It has often been noted that even the most realistic literature, plays and films fail to capture authentic human conversation — not because they cannot, but because narrative movement and character revelation demand some enhancement of the frequently incoherent, awkward and oh so boring way we humans talk to each other. Ingenious written dialogue achieves the right “ring” of authenticity while incorporating the economy and condensed revelation of art.
Unfortunately, such art rarely exists in the normal conversation of the general public. Time was when we were shielded from this specious, unattractive, disjointed talk unless we happened to be in the next restaurant booth, waiting for a pay phone, or in the next office cubicle. And then we would instinctively draw ourselves away to a discreet distance, in an effort to protect the other person’s privacy and avoid our own embarrassment or boredom.
That, of course, is no longer possible. We live in Yammerland. In the car next to us at the light, at the next table, passing us on the sidewalk or in the supermarket aisle or the dentist’s waiting room, people are incessantly yammering into their phones or headsets.
Yammer, yammer, yammer!
I am no Luddite. I am awed by the cellphone and its amazing rapid evolution. Although my wife and I do not own a cell phone at present (I like the fact that I cannot always be “reached.”) it is possible we might own one some day. But, dreadfully aware of my own foibles in both habit and conversation, I still entertain a quaint respect for privacy. Not just my own privacy, but that of others.
And I guess I’m selfishly annoyed at how little others care about their privacy. I’m tired of learning more than I want to know from those around me. Here, in Florida, where I spend the winter, I have, in the last few days, been privy to the fact that “Ed” did not get the playoff tickets afterall. His boss decided to use them. I have been made aware that the guy with the salt n’ pepper hair wearing the tangerine guayabara shirt decided not to buy a massage chair at Linens N’ Things because the discount coupon he was carrying had expired.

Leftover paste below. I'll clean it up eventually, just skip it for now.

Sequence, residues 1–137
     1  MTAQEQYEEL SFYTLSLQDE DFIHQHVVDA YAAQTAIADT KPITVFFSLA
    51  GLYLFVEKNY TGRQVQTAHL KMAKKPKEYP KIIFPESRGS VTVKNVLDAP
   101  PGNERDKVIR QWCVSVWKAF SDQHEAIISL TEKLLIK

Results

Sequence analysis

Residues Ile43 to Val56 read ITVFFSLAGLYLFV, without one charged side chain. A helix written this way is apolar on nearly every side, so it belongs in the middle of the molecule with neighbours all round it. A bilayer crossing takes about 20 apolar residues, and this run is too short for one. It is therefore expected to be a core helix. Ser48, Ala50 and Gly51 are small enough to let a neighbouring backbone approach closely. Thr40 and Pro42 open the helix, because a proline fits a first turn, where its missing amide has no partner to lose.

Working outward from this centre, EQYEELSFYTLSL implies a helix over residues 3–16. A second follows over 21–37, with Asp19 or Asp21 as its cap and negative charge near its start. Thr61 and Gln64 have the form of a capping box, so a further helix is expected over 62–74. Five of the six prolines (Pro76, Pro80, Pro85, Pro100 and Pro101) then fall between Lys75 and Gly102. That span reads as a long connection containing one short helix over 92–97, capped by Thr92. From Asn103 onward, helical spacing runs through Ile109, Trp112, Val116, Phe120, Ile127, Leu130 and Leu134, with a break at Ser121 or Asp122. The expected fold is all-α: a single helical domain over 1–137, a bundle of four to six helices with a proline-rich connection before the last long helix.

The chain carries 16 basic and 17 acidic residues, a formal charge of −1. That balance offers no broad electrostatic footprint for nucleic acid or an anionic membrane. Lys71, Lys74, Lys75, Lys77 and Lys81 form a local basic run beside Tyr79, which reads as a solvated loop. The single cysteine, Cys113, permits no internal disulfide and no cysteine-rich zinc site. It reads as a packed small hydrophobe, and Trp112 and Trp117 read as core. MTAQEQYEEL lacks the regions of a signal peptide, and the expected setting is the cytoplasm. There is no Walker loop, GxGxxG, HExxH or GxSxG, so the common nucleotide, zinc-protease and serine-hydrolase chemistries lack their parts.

I learned that the kid in the baggy pants and t-shirt outside Starbucks is doing “nothin’” but that whatever the person at the other end of his cellphone call was doing, it was “cool.” I heard a sort of mini-lecture on escrow accounts while riding on an elevator. I realized, while waiting at a walk-up ATM, that barely controlled anger is obvious even in a totally uncrecognizable, possibly African, tongue. I learned that… Oh, you’re not interested?
Neither am I.
William Saroyan once observed, “I have never received a telephone call that justified the excitement and fuss of the electronics involved. If I can’t see somebody I love, for instance, such as a daughter or son, I would rather received a letter.” Well, the fact is there are phone calls worth the “excitement” of this amazing and all too taken-for-granted technology. But they are much rarer than we would like to admit. Which is all very much beside the point now that the cellphone’s ubiquity has tapped our latent logorrhea.
Perhaps people will eventually regain, if not a sense of decorum, at least a vivid understanding of how lame and stultifying their “private” conversaions are. Nobody wants to hear them. Ah for those days when the talk of business or pleasure between two people was a private matter — the days before people could, without the faintest blush, take or make a phone call while sitting in a theater or a restaurant with somebody else.
Writer, critic and poet Dorothy Parker — hardly a shrinking violet – once rose from the legendary Algonquin Round Table saying, “Excuse me; I have to go to the bathroom.” In an instant her sense of honesty returned. “I really have to telephone,” she explained to the assembled company. “but I’m too embarrassed to say so.”
Bless you, Dorothy.
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